Two attacks by suspected al-Qaeda-linked militants in restive northeastern Mali Thursday killed 64 people including dozens of civilians, the country’s transitional government said.
The attacks targeted a passenger boat on the Niger River near Timbuktu and an army base in Bamba, in the northern Gao region, killing 49 civilians and 15 soldiers, according to the interim government’s statement.
It was not immediately clear how many people died in each attack.
The Malian Army said an “armed terrorist group” attacked the passenger boat at 11 a.m. local time near Rharous Cercle in the Timbuktu region.
The attacks were claimed by Support Group for Islam and Muslims (GSIM), a militant group associated with al Qaeda, the government said.
Authorities declared three days of national mourning in the country, which has seen an escalation in violence after seeing two military coups in the past three years.
Mali is part of the Sahara-Sahel region and one of several African countries battling Islamist insurgents.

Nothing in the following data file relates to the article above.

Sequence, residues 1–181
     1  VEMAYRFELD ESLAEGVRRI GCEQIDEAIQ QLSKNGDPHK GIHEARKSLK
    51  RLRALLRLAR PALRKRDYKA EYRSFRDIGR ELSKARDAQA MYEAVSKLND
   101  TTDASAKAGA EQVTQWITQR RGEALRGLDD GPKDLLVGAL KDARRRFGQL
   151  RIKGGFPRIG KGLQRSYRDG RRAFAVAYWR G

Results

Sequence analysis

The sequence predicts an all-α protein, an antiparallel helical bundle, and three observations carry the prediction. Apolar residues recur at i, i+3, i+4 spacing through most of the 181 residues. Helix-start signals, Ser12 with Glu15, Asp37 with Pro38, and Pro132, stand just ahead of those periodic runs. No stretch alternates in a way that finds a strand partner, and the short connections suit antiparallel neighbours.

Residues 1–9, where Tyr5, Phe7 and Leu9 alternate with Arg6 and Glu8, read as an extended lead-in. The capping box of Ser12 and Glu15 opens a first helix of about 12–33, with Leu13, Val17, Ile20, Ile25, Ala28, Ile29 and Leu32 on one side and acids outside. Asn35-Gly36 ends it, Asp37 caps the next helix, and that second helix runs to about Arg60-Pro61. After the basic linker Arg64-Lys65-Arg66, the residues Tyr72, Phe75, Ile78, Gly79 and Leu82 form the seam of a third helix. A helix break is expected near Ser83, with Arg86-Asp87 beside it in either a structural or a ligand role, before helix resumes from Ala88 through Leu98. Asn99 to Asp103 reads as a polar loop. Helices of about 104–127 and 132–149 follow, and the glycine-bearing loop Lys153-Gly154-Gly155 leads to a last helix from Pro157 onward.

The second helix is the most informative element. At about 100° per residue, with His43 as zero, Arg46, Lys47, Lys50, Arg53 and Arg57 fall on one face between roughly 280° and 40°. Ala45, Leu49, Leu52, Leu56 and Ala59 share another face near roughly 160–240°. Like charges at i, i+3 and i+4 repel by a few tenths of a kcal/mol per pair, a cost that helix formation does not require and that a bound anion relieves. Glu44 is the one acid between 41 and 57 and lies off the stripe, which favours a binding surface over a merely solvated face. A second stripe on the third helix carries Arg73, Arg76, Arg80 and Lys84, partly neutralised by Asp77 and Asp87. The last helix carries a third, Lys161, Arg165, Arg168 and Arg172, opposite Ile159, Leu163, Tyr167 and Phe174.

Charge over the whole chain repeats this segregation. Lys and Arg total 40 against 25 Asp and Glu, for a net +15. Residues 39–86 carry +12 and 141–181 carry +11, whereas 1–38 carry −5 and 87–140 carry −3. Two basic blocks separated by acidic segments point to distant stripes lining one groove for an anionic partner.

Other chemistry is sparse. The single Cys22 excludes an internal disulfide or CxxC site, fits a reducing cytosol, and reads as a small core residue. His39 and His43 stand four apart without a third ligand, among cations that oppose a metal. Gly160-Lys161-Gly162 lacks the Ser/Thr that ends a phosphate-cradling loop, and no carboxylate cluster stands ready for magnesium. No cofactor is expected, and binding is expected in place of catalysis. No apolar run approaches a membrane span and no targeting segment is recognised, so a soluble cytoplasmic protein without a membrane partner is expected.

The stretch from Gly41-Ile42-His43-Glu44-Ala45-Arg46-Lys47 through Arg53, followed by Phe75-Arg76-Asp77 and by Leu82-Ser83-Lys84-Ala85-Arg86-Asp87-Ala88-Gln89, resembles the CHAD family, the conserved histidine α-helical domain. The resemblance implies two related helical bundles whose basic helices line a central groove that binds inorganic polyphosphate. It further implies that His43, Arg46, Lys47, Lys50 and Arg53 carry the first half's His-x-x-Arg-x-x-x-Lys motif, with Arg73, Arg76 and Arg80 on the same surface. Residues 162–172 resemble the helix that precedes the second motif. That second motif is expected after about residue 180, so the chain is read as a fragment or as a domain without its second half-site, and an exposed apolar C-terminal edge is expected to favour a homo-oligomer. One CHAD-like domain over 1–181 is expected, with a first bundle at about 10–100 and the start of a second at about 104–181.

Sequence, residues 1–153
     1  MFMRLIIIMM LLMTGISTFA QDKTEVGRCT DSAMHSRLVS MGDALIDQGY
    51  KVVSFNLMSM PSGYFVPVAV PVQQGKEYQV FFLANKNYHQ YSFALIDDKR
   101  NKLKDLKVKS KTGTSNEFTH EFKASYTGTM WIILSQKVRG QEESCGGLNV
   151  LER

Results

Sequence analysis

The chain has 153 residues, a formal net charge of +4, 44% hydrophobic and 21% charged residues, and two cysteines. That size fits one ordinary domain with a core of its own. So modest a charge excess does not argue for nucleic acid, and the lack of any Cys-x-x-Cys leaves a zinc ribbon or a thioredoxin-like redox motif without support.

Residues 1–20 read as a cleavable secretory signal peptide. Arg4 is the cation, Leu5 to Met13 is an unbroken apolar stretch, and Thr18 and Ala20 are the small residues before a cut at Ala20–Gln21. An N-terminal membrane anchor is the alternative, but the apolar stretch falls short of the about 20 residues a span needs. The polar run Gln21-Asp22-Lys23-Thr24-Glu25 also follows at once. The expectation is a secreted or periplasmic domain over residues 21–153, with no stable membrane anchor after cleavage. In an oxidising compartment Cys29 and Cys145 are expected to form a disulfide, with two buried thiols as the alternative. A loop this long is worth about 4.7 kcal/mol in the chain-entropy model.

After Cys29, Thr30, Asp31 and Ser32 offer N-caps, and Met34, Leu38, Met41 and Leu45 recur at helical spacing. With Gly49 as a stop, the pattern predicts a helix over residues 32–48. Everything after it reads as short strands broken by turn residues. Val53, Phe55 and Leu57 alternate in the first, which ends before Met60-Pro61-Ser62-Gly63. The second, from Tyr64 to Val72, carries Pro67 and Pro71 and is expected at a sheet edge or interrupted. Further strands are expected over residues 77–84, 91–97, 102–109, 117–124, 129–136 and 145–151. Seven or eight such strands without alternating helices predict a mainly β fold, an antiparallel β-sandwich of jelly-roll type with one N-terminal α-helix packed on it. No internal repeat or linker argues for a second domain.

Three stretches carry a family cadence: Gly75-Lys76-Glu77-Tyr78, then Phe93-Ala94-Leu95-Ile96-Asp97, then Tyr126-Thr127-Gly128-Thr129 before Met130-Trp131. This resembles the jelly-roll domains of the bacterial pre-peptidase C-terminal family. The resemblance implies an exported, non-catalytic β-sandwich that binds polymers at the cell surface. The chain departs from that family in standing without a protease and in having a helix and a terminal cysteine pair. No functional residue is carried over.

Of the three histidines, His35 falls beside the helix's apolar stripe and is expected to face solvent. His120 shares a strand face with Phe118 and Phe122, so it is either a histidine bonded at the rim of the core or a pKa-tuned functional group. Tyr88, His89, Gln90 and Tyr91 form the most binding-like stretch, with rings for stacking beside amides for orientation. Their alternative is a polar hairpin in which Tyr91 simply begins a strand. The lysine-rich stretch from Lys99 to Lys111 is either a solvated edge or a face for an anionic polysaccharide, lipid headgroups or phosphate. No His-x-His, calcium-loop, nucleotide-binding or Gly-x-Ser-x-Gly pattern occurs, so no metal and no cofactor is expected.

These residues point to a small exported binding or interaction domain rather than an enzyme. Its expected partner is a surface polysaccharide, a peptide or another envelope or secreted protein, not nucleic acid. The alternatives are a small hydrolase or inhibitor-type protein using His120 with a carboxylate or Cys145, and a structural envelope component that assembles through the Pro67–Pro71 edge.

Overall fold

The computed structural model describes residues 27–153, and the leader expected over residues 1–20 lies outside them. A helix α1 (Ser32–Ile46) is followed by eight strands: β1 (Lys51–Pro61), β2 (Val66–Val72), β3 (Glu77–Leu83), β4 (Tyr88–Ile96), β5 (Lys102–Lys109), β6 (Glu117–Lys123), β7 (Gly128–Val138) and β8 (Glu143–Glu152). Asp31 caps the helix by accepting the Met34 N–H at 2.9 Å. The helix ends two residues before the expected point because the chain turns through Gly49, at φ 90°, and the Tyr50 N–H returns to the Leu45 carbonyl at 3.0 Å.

The United Nations in June said “endless” violence was being unleashed on civilians in northeastern Mali by the Islamic State (ISIS) militant group and its affiliates.
Experts have voiced widespread concern regarding the worsening conditions in the troubled Sahel state.
“In less than a year, Islamic State in the Greater Sahara has almost doubled its areas of control in Mali,” a UN Security Council report released in August said.
The UN also expressed concerns about human rights abuses by Mali’s armed forces and “their foreign security partners.”
Hundreds of Russian mercenary Wagner contractors have been invited to Mali by the country’s military junta, to fight the Islamists. It is unclear what has happened to them since the death of Wagner boss Yevgeny Prighozin.
“Violence against women and girls and conflict-related sexual violence remains prevalent in Mali,” UN experts said in the report.
In June, Mali called on the UN peacekeeping force MINUSMA, which has been stationed in the country since 2013, to leave the country “without delay,” and that process is ongoing.
Mali’s Minister of Foreign Affairs Abdoulaye Diop accused the UN of exacerbating the security problems in the country.
Almost 9 million people need humanitarian assistance in the country. Earlier this month, UN agencies said 200,000 children were at risk of starvation.
“A nexus of protracted armed conflict, internal displacement and limited humanitarian access threatens to plunge nearly one million children under the age of five into acute malnutrition by the end of this year … if life-saving aid fails to reach them,” the UN said.